The Lenovo IdeaCentre A600 is an all-in-one desktop PC launched last summer. It’s one of the most complete all-in-one system out there. Aside from your usual basic computing and internet browsing, you can also watch and record TV shows with it and play Wii-like games using the included remote.
I’ve been playing with the IdeaCentre A600 for a while already and now I’m ready to give my verdict. There are many ways you can configure the A600 but here are the specs on the unit that was sent here.
- Intel Core 2 Duo T6600 (2.2GHz)
- Windows Vista Home Premium (32-bit)
- 21.5″ 1920 x 1080 display with 1.3mp webcam built-in
- 2GB DDR3 memory (up to 4GB)
- ATI Mobility Radeon HD 3650 256MB (up to 512MB)
- 500GB HD (up to 1TB)
- Slot-loading BD-ROM/DVDRW drive
- WiFi, Bluetooth, LAN
- 6-in-1 multicard reader
- 6 x USB 2.0 ports, 1394a Firewire
- Built-in digital/analog TV tuner
- Wireless remote/keyboard/mouse
Design, Build and Set Up
Setting up the IdeaCentre A600 is very simple. All you need to do is plug in the power adapter and put some batteries on the wireless peripherals and you’re good to go. No need to plug additional cables other than the cable for TV Tuner if you want. Talk about a clutter-free desk.
The huge 21.5″ display monitor has a glossy black finish in front and a matte finish at the back with accent swirls for the speaker grills. It is mounted on a very sturdy base and can be tilted forward and backward to suit your eye level.
The front panel is has no buttons although there’s a small capacitive touch panel near the bottom of the monitor to control brightness, turn the monitor on or off and eject discs. It is one gorgeous piece of machine that will suit any desk.
The rear panel hosts the 4 USB ports, power, LAN and TV tuner port. There are also speaker grills at the back.
On one side are a couple more USB ports, the card reader, audio and mic jack and a firewire port along with the Power and Reset button.
On the other side is the slot-loading BD-ROM/DVD-RW drive. Both sides also have speaker grills by the way.
The wireless keyboard is a combination of a keyboard and a touchpad (similar to those found in laptops) in place of the number pad. It is very slim and light and has a pseudo-brushed metal finish on its plastic panel.
The touchpad on the right is handy if you would be using the keyboard on your lap and you don’t want to bring your mouse with you. It also has some touch controls for media so you can use it to easily control video playback.
What I don’t like about the keyboard is the location of the Fn key taking up the space of the Left-Ctrl key. Something that also plagued early laptops from Lenovo.
The wireless keyboard is powered by two AAA batteries and has an easy-to-forget switch on the side to save power.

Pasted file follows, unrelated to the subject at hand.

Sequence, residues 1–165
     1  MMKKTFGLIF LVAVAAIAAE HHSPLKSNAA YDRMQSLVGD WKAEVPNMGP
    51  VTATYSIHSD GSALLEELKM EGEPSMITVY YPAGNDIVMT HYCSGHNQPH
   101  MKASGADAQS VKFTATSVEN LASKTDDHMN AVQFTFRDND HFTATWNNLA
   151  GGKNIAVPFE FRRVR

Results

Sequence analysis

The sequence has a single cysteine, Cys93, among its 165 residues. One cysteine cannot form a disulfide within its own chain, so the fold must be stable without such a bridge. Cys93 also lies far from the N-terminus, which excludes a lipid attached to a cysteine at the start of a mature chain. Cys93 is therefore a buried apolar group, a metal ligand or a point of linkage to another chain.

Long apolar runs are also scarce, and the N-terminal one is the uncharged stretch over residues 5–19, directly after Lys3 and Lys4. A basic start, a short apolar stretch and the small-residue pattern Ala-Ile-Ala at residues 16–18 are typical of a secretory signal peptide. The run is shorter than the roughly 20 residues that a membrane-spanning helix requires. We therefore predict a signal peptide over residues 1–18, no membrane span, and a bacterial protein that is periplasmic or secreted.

The Remote Control
I haven’t been able to make the remote work (probably due to weak batteries) but it pairs with the A600 via Bluetooth. The remote replace the keyboard and mouse but its primary use is to control media playback especially watching via Windows Media Center.
Another use for the remote is similar to the Nintendo Wii-mote. There are motion-controlled games included in the IdeaCentre A600 like bowling where you use the remote to play.
The remote can also be used as a VoIP handset to make and answer calls from Skype.
The Intel Core2Duo T6600 (2.2GHz) processor is far from being a beast in today’s standard where dual-core processors with HyperThreading are soon-to-be mainstream. However, it is still a decent desktop publishing machine even with the average-performing ATI Radeon 3650 graphics card.
What it excels is being a media playback machine thanks to the vibrant colors it gives. Watching 1080p videos here functions really well and with the remote or wireless keyboard, you don’t have to seat in front of the PC.
Playing 3D games is quite so-so. I tried playing F.E.A.R. on it and it has to be in medium settings to get a good gaming experience. I also had to stick to 1024×768 because higher than that gives me a low fps.
The Lenovo IdeaCentre A600 is a really stylish system that you would be proud of. No wires, a space-saver, easy to store and set up. The features and specs looks good on paper but upon using it for quite some time I realize a few things that I don’t like.
- The wireless keyboard sounds good until you grow tired of replacing batteries. The Fn key is really irritating and somehow I’m missing the number pad already. I find myself wanting to use a USB keyboard instead and just use the wireless sparingly.
- The webcam also functions as a sensor that corrects your posture if it senses that you’re too near the monitor. Quite irritating but you can turn it off.
Still, the IdeaCentre A600 is still a nice, powerful machine if you’re going to use it for things other than gaming. You would get a system capable of watching and recording TV shows and play BluRay discs in one gorgeous, durable machine. Oh yeah, ask for Windows 7 instead of Vista and upgrade the RAM to 4GB if you can.
SRP: Php63,900. Do note that configuration may vary.